1. Bibliography
  2. Skj B = Finnur Jónsson, ed. 1912-15b. Den norsk-islandske skjaldedigtning. B: Rettet tekst. 2 vols. Copenhagen: Villadsen & Christensen. Rpt. 1973. Copenhagen: Rosenkilde & Bagger.
  3. FSN = Rafn, Carl Christian, ed. 1829-30. Fornaldar sögur nordrlanda. 3 vols. Copenhagen: Popp.
  4. SnE 1848-87 = Snorri Sturluson. 1848-87. Edda Snorra Sturlusonar: Edda Snorronis Sturlaei. Ed. Jón Sigurðsson et al. 3 vols. Copenhagen: Legatum Arnamagnaeanum. Rpt. Osnabrück: Zeller, 1966.
  5. Skald = Kock, Ernst Albin, ed. 1946-50. Den norsk-isländska skaldediktningen. 2 vols. Lund: Gleerup.
  6. NN = Kock, Ernst Albin. 1923-44. Notationes Norrœnæ: Anteckningar till Edda och skaldediktning. Lunds Universitets årsskrift new ser. 1. 28 vols. Lund: Gleerup.
  7. LP = Finnur Jónsson, ed. 1931. Lexicon poeticum antiquæ linguæ septentrionalis: Ordbog over det norsk-islandske skjaldesprog oprindelig forfattet af Sveinbjörn Egilsson. 2nd edn. Copenhagen: Møller.
  8. CVC = Cleasby, Richard, Gudbrand Vigfusson [Guðbrandur Vigfússon] and W. A. Craigie. 1957. An Icelandic-English Dictionary. 2nd edn. Oxford: Clarendon.
  9. Finnur Jónsson. 1926-8. Ordbog til de af samfund til udg. af gml. nord. litteratur udgivne Rímur samt til de af Dr. O. Jiriczek udgivne Bósarímur. SUGNL 51. Copenhagen: Jørgensen.
  10. Flat 1860-8 = Gudbrand Vigfusson [Guðbrandur Vigfússon] and C. R. Unger, eds. 1860-8. Flateyjarbók. En samling af norske konge-sagaer med indskudte mindre fortællinger om begivenheder i og udenfor Norge samt annaler. 3 vols. Christiania (Oslo): Malling.
  11. ÍO = Ásgeir Blöndal Magnússon. 1989. Íslensk orðsifjabók. Reykjavík: Orðabók Háskólans.
  12. SnE 1931 = Snorri Sturluson. 1931. Edda Snorra Sturlusonar. Ed. Finnur Jónsson. Copenhagen: Gyldendal.
  13. SnE 1998 = Snorri Sturluson. 1998. Edda: Skáldskaparmál. Ed. Anthony Faulkes. 2 vols. University College London: Viking Society for Northern Research.
  14. SnE 2005 = Snorri Sturluson. 2005. Edda: Prologue and Gylfaginning. Ed. Anthony Faulkes. 2nd edn. University College London: Viking Society for Northern Research.
  15. Finnur Jónsson. 1934-5. ‘Þulur: Søkonge- og jættenavneremserne’. APS 9, 289-308.
  16. Motz, Lotte. 1984. ‘Gods and Demons of the Wilderness: A Study in Norse Tradition’. ANF 99, 175-87.
  17. Motz, Lotte. 1987. ‘Old Icelandic Giants and Their Names’. FS 21, 295-317.
  18. Guðni Jónsson, ed. 1946-9. Íslendinga sögur. 13 vols. Reykjavík: Íslendingasagnaútgáfan. Rpt. 1953.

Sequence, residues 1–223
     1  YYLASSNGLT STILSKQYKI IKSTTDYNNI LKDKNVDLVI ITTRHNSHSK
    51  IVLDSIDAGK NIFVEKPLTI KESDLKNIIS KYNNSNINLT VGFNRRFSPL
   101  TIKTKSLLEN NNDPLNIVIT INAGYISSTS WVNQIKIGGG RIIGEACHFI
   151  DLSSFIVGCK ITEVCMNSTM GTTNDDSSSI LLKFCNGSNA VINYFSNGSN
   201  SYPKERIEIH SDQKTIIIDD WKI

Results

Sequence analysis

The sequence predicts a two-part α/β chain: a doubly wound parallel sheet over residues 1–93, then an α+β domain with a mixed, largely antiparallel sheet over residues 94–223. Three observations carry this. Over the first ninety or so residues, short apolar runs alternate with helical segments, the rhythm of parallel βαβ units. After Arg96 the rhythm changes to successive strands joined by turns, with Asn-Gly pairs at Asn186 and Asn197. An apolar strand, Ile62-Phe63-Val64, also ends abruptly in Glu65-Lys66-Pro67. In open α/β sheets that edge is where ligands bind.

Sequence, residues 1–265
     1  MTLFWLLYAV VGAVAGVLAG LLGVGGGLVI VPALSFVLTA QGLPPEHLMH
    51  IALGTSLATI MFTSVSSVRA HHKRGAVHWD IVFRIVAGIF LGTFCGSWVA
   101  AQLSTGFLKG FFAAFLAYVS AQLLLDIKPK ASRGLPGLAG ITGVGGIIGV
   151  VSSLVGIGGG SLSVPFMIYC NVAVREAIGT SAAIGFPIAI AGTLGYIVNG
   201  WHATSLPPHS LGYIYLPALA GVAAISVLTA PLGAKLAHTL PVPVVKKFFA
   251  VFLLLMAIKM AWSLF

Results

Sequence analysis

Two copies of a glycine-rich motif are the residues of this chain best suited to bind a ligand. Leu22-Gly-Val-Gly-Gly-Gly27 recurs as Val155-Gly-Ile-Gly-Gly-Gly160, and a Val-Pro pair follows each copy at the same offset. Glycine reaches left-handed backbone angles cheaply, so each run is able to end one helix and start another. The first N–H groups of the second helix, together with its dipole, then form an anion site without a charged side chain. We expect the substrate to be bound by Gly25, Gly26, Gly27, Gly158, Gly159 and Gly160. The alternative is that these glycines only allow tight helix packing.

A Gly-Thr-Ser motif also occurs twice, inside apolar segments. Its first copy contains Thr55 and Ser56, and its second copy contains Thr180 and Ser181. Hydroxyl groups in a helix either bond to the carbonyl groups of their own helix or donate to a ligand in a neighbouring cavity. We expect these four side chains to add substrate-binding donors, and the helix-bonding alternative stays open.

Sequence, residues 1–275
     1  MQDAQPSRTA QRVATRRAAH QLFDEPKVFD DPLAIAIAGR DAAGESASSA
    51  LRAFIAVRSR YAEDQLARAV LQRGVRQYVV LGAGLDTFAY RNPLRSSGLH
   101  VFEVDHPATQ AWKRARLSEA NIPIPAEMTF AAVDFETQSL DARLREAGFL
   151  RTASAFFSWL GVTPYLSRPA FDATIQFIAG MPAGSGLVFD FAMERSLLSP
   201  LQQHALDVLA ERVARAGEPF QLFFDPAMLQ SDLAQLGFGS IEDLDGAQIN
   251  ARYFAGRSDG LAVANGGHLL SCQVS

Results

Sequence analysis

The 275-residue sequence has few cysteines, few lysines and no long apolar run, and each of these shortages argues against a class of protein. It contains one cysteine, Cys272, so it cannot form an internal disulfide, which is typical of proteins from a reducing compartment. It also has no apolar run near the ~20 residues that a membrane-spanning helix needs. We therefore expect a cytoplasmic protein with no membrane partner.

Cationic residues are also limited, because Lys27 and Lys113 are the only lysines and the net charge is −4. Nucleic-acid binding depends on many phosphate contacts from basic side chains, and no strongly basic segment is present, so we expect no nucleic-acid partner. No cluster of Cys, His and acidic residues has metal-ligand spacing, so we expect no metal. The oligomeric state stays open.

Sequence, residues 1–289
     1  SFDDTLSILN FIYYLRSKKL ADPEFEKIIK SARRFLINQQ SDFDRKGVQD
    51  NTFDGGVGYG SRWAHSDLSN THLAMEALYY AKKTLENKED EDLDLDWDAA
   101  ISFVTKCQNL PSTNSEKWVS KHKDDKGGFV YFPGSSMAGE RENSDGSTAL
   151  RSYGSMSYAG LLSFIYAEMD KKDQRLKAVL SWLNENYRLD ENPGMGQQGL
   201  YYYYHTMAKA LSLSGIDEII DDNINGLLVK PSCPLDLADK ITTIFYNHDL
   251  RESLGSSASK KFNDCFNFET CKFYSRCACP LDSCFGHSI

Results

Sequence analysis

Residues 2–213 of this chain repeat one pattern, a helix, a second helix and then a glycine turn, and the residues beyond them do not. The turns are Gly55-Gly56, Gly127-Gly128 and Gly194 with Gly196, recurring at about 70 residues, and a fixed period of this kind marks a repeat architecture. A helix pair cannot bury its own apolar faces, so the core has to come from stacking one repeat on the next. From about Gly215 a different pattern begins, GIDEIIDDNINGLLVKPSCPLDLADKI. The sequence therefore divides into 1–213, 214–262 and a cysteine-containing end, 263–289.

19. Internal references
  20. Not published: do not cite (GylfIII)
  21. Not published: do not cite (HarHárfII)
  22. Roberta Frank (ed.) 2017, ‘Anonymous Poems, Málsháttakvæði 8’ in Kari Ellen Gade and Edith Marold (eds), Poetry from Treatises on Poetics. Skaldic Poetry of the Scandinavian Middle Ages 3. Turnhout: Brepols, p. 1222.
  23. Elena Gurevich (ed.) 2017, ‘Anonymous Þulur, Jǫtna heiti II 3’ in Kari Ellen Gade and Edith Marold (eds), Poetry from Treatises on Poetics. Skaldic Poetry of the Scandinavian Middle Ages 3. Turnhout: Brepols, p. 722.
  24. Elena Gurevich (ed.) 2017, ‘Anonymous Þulur, Viðar heiti 1’ in Kari Ellen Gade and Edith Marold (eds), Poetry from Treatises on Poetics. Skaldic Poetry of the Scandinavian Middle Ages 3. Turnhout: Brepols, p. 881.
  25. Not published: do not cite ()
  26. Edith Marold (ed.) 2012, ‘Einarr skálaglamm Helgason, Vellekla 28’ in Diana Whaley (ed.), Poetry from the Kings’ Sagas 1: From Mythical Times to c. 1035. Skaldic Poetry of the Scandinavian Middle Ages 1. Turnhout: Brepols, p. 318.
  27. Not published: do not cite ()
  28. Elena Gurevich 2017, ‘(Introduction to) Anonymous, Jǫtna heiti I’ in Kari Ellen Gade and Edith Marold (eds), Poetry from Treatises on Poetics. Skaldic Poetry of the Scandinavian Middle Ages 3. Turnhout: Brepols, p. 706.
  29. Elena Gurevich 2017, ‘(Introduction to) Anonymous, Jǫtna heiti II’ in Kari Ellen Gade and Edith Marold (eds), Poetry from Treatises on Poetics. Skaldic Poetry of the Scandinavian Middle Ages 3. Turnhout: Brepols, p. 718.
  30. Elena Gurevich 2017, ‘(Introduction to) Anonymous, Hrúts heiti’ in Kari Ellen Gade and Edith Marold (eds), Poetry from Treatises on Poetics. Skaldic Poetry of the Scandinavian Middle Ages 3. Turnhout: Brepols, p. 890.
  31. Margaret Clunies Ross (ed.) 2017, ‘Þjóðólfr ór Hvini, Haustlǫng 4’ in Kari Ellen Gade and Edith Marold (eds), Poetry from Treatises on Poetics. Skaldic Poetry of the Scandinavian Middle Ages 3. Turnhout: Brepols, p. 437.
  32. Margaret Clunies Ross (ed.) 2017, ‘Þjóðólfr ór Hvini, Haustlǫng 8’ in Kari Ellen Gade and Edith Marold (eds), Poetry from Treatises on Poetics. Skaldic Poetry of the Scandinavian Middle Ages 3. Turnhout: Brepols, p. 443.
  33. Edith Marold (ed.) 2012, ‘Þjóðólfr ór Hvini, Ynglingatal 2’ in Diana Whaley (ed.), Poetry from the Kings’ Sagas 1: From Mythical Times to c. 1035. Skaldic Poetry of the Scandinavian Middle Ages 1. Turnhout: Brepols, p. 10.
  34. Not published: do not cite ()